Woolly mammoth with flowing blood found for first time, Russian scientists claim
2013 05 29

From: Metro



A preserved fully-grown woolly mammoth with flowing blood has been found for the first time, trapped in the Siberian ice, scientists have said.

Russian scientists made the discoveries during the excavation of a 50-60-year-old female animal on the Lyakhovsky Islands, in the Arctic seas of the country’s north-east.

Woolly mammoths, which look similar to elephants, are thought to have died out between 10,000 and 4,000 years ago.

Previous discoveries of well-preserved woolly mammoth remains have resulted in some scientists raising the possibility of Jurassic Park-style cloning of the animals.

‘We were really surprised to find mammoth blood and muscle tissue,’ scientist Semyon Grigoriev told the Siberian Times.


A researcher working near the carcass of the woolly mammoth


A sample of well preserved muscle tissue they found in a carcass of a female mammoth


A test tube with what scientists said was a sample of well preserved blood they found

The head of the Museum of Mammoths of the Institute of Applied Ecology of the North at the North Eastern Federal University said the finding was unique.

He said: ‘It is the first time we managed to obtain mammoth blood. No-one has ever seen before how the mammoth’s blood flows’.

‘The approximate age of this animal is about 10,000 years old. It has been preserved thanks to the special conditions, due to the fact that it did not defrost and then freeze again.

‘We suppose that the mammoth fell into water or got bogged down in a swamp, could not free herself and died.

‘Due to this fact the lower part of the body, including the lower jaw, and tongue tissue, was preserved very well.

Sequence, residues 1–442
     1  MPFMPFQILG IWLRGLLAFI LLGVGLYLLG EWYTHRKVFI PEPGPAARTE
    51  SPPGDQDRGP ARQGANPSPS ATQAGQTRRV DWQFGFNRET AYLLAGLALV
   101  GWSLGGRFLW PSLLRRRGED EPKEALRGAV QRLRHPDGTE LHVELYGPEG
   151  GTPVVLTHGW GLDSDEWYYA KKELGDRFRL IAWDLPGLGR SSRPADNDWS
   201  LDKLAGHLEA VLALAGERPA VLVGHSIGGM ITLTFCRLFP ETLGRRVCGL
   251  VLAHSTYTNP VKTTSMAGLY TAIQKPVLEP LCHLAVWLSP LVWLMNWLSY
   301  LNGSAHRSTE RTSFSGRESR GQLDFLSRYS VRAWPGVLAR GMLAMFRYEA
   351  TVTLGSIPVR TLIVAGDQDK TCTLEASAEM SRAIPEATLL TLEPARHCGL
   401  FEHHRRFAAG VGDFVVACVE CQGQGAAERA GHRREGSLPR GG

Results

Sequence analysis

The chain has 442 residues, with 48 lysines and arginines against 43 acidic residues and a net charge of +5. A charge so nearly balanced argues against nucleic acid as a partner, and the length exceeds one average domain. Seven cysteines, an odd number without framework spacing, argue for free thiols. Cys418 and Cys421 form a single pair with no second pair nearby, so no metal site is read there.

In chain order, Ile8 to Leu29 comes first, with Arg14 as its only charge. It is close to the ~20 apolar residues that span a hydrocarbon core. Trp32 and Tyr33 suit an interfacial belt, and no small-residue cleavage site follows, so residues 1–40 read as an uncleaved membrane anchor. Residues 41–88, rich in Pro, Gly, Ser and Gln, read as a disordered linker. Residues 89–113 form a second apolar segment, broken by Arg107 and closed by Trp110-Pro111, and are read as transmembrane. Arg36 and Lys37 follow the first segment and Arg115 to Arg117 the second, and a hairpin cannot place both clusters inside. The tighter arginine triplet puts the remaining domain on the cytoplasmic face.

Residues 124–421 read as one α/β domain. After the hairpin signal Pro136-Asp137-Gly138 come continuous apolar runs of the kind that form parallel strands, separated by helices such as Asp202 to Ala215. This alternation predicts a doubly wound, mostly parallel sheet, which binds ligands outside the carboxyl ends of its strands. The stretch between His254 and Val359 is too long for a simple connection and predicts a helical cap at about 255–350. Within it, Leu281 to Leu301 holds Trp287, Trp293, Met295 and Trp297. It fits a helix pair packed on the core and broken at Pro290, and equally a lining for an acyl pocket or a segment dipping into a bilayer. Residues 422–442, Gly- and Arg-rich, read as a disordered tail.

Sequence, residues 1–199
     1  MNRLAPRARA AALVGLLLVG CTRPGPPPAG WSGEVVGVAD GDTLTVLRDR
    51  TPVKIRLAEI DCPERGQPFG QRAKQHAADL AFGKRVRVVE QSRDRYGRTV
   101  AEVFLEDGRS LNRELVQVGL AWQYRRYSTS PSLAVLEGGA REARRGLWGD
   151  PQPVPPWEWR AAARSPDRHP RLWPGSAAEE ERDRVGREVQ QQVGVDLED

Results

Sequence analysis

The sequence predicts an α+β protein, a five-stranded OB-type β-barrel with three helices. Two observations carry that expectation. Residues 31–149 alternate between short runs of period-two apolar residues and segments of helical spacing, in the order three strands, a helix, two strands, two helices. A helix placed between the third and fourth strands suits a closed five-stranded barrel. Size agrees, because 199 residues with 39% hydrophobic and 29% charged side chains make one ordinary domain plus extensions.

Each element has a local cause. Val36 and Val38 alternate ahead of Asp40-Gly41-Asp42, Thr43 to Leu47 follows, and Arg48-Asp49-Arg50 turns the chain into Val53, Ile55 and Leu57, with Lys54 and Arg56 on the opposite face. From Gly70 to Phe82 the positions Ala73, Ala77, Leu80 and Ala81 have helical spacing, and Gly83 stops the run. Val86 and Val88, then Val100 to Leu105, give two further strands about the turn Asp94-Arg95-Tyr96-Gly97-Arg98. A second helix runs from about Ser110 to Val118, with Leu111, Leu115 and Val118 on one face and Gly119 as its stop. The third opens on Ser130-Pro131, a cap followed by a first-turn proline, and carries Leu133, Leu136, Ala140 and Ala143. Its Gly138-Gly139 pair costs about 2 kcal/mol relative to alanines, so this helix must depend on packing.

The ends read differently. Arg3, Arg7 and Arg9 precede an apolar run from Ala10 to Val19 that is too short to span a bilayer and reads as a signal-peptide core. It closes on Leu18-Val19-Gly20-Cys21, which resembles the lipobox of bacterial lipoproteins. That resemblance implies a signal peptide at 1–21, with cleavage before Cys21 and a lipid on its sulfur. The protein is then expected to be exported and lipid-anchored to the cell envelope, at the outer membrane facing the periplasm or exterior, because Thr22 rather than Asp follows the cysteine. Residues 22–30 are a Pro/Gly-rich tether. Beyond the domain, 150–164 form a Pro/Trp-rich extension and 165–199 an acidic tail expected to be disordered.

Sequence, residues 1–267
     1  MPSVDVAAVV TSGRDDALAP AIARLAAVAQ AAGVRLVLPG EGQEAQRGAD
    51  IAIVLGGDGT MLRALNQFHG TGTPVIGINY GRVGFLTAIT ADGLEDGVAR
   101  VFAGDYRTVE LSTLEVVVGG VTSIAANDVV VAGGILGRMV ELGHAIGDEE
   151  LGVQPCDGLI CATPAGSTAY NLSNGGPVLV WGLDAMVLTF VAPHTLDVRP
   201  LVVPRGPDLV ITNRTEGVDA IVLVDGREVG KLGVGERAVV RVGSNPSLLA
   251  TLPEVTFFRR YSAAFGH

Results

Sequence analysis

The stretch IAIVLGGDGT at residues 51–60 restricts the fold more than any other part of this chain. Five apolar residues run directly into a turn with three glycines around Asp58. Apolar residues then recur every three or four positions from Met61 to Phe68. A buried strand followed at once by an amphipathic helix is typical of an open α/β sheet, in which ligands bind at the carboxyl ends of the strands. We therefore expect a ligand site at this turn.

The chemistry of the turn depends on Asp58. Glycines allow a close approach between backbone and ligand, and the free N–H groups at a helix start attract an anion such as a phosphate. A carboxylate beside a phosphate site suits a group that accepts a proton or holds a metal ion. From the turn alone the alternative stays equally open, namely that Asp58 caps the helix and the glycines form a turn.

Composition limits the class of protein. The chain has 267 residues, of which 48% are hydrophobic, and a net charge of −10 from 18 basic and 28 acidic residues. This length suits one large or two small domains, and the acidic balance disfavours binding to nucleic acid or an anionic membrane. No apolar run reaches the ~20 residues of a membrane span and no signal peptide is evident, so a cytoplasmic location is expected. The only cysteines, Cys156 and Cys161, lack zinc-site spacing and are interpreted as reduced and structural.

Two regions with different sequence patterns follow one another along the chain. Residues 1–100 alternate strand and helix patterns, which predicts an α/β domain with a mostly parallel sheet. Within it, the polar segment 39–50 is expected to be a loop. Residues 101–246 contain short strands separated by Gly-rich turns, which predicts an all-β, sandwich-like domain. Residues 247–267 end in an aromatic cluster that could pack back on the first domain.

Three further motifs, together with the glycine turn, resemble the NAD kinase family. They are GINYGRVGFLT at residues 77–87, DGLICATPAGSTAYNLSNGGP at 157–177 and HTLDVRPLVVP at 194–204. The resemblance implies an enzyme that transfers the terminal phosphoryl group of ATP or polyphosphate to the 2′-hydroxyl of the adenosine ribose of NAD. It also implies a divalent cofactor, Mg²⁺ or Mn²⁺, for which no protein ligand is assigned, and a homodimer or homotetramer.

‘The upper torso and two legs, which were in the soil, were gnawed by prehistoric and modern predators and almost did not survive.’

Despite this, he hailed it as ‘the best preserved mammoth in the history of palaeontology’.

When the blood flowed from ice cavities below the belly of the animal the temperature was 10C below zero and it was placed in a test tube and sent for analysis.

‘Yet it is great luck that the blood preserved and we plan to study it carefully,’ said Mr Grigoriev.

‘For now our suspicion is that mammoth blood contains a kind of natural anti-freeze.’

[...]

Read the full article at: metro.co.uk



"Mammoth Find" reported by RT:
"We are the first in the world to find the carcass of an adult female mammoth. Now she, along with the bones and some ice, weighs about one ton. We assume that during life she weighed about three tons," he acknowledged.
The head of the museum also suggested that the mammoth lived from 10,000 to 15,000 years ago.
Scientists have suggested that perhaps the animal fell through the ice, escaping from predators. However, its thought the predators still feasted on part of trapped mammoth.

Foreign experts are expected to see the unique mammoth material in July, according to reports.

Three adult mammoth carcasses, including the latest discovery of the Yakut scientists, have been found in the history of paleontology. However, despite such a good state of preservation, the scientists have not yet found enough living cells for cloning the species. Grigoriev noted that the repair of DNA is a very complex process that can take years.
The latest discovery and its research heralds the possibility of bringing the animal back to life in the future, though there is a lot of controversy around the issue of cloning.

A team of researchers from Russia and South Korea in September 2012 said they had discovered mammoth tissue fragments buried under meters of permafrost in eastern Siberia that could contain living cells. However the number of cells was too few to achieve successful cloning and the issue was treated with skepticism by many stem cell scientists.

Mammoths are believed to have died off around 4,000 years ago. There is dispute among scientists about the exact cause of the extinction - climate change and hunting by man are frequently cited as causes. Source




Investigating Baby Mammoth - National Geographic 2009




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